For popular consumption it is claimed that Roosevelt alone is experienced and dependable enough to lead the nation in the present world crisis.
The main source of strength for the third term, however, comes from the war-mongers. Roosevelt is the preferred candidate of all those who want to go to war quickly, thoroughly, and without prolonged debate. The current indecision of the American ruling class concerning the date and method of its entry into the war is expressed in the struggle now going on between the “Isolationist” and “Interventionist” tendencies. This question has cut through party lines and is leading to a new regrouping of forces. Dewey in his pre-convention speeches has solicited the support of the first group. Roosevelt is drawing around himself the second.
The character of Roosevelt’s political entourage is crystallized in the person of James Cromwell, husband of Doris Duke, tobacco heiress, reputed to be “the world’s richest girl.” After having written a treatise entitled: In Defense of Capitalism and having contributed fifty thousand dollars to the 1936 Democratic campaign fund, Cromwell was appointed by Roosevelt as American Minister to Canada. Upon arriving in belligerent Canada, Cromwell brashly declared the sympathy of the United States with the Allied Powers and its intention to support them to the limit.
Cromwell has been chosen, it has just been announced by Boss Hague, to run for Senator in New Jersey. His running mate for Governor on Hague’s Democratic ticket will be Charles Edison, Secretary of the Navy in Roosevelt’s cabinet. Here is a perfect picture of the forces in the Democratic war-party. Roosevelt, Hague, Cromwell, Edison – the President, the state boss, the super-rich, the head of the navy.
Finally, the personal motive cannot be ignored. Roosevelt would like another term to rehabilitate his reputation damaged by the debacle of the New Deal. He wants to prosecute the War Deal to its end. Vain, vigorous, self-confident, he fancies himself a man of destiny sent to be the savior of American capitalism in its hour of need. Like Woodrow Wilson, he dreams of settling the fate of humanity by America’s armed might. By dictating the peace settlement he hopes to inscribe his name on history’s pages in indelible ink. At the least, reluctant to relinquish power, he wishes to choose his successor and keep a hand upon the course of events.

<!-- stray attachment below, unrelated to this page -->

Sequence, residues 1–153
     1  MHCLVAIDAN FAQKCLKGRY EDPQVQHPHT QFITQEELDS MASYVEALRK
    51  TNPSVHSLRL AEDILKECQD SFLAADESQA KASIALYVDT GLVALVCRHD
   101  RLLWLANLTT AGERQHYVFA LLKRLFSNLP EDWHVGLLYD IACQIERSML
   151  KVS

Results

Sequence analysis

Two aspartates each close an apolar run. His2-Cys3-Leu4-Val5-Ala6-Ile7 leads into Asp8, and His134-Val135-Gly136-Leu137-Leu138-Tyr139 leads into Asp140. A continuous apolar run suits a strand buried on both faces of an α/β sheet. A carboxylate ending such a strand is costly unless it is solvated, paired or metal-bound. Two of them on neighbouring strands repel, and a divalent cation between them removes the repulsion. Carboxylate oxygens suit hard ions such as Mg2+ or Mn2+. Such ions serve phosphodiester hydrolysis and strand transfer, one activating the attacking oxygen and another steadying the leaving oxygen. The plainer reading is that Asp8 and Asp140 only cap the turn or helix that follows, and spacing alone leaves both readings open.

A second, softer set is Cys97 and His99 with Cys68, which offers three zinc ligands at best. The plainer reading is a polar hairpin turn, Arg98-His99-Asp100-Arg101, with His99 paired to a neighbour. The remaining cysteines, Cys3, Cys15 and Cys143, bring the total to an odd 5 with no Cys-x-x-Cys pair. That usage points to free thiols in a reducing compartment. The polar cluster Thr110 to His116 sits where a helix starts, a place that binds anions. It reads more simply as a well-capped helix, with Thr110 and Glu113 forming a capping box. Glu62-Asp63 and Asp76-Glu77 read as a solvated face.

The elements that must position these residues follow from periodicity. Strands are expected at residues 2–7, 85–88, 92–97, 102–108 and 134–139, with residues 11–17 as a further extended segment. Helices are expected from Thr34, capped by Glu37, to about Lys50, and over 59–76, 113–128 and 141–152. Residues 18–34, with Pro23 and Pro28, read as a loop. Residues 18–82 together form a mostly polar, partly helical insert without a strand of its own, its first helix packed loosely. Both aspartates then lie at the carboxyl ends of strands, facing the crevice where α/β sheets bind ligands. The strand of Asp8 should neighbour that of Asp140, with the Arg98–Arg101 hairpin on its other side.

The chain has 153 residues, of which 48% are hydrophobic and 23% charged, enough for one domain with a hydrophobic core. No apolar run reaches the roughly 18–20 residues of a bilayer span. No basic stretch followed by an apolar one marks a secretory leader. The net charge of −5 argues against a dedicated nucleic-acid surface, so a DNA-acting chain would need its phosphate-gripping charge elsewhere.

Whether or not Roosevelt runs for a third term, whether the Democratic Party suffers a split or remains intact, which capitalist party governs for the next four years, are political questions of secondary importance. These are matters that primarily concern the internal politics of the ruling class. Far greater factors than Presidents or parties govern the march of events these days and determine the nature of national policies. “America’s 60 Families” are committed by their economic necessities and political perspectives to participate, sooner or later, in the inter-imperialist gang-war in order to assert their domination over the world.
With Roosevelt or without him, the War Deal will develop to its inevitable end.
The one power capable of checking the mad rush of American imperialism toward war is the might of the organized working class. In this situation the political decisions of the CIO leaders, who stand at the head of the most dynamic section of that class, assume world-historical significance. Lewis’ threat to break with the Democrats and launch a third party cannot be taken too seriously in view of his past record of compromise on this issue, his social-patriotic and conservative political outlook, the proximity of the war, the pressure of the government, and the technical difficulties involved.
At the same time the most advanced workers in the industrial unions are exerting counter-pressure upon Lewis to lead the way toward independent political action. The American workers, they feel, need a fighting political party of their own as much as they need their own economic organizations. The need, the urge for a Labor Party is there. The immediate task of the militants in the mass movement is to give a clear, forcible organized expression to this inchoate sentiment.
The experience of the American Labor Party in New York and the Farmer-Labor outfit in Minnesota shows that a labor party by itself will not solve the problems of the American workers. What decides these vital questions is the character of the program, the leadership, the struggle of the party itself. But the formation of a genuine and independent national Labor Party with its own candidates in the coming campaign, whatever its immediate fortunes, would be as great a step forward for the proletarians of the United States as was the organization of the CIO. Only in this way can the American workers derive positive benefit out of the Presidential elections.
Last updated on: 4.2.2006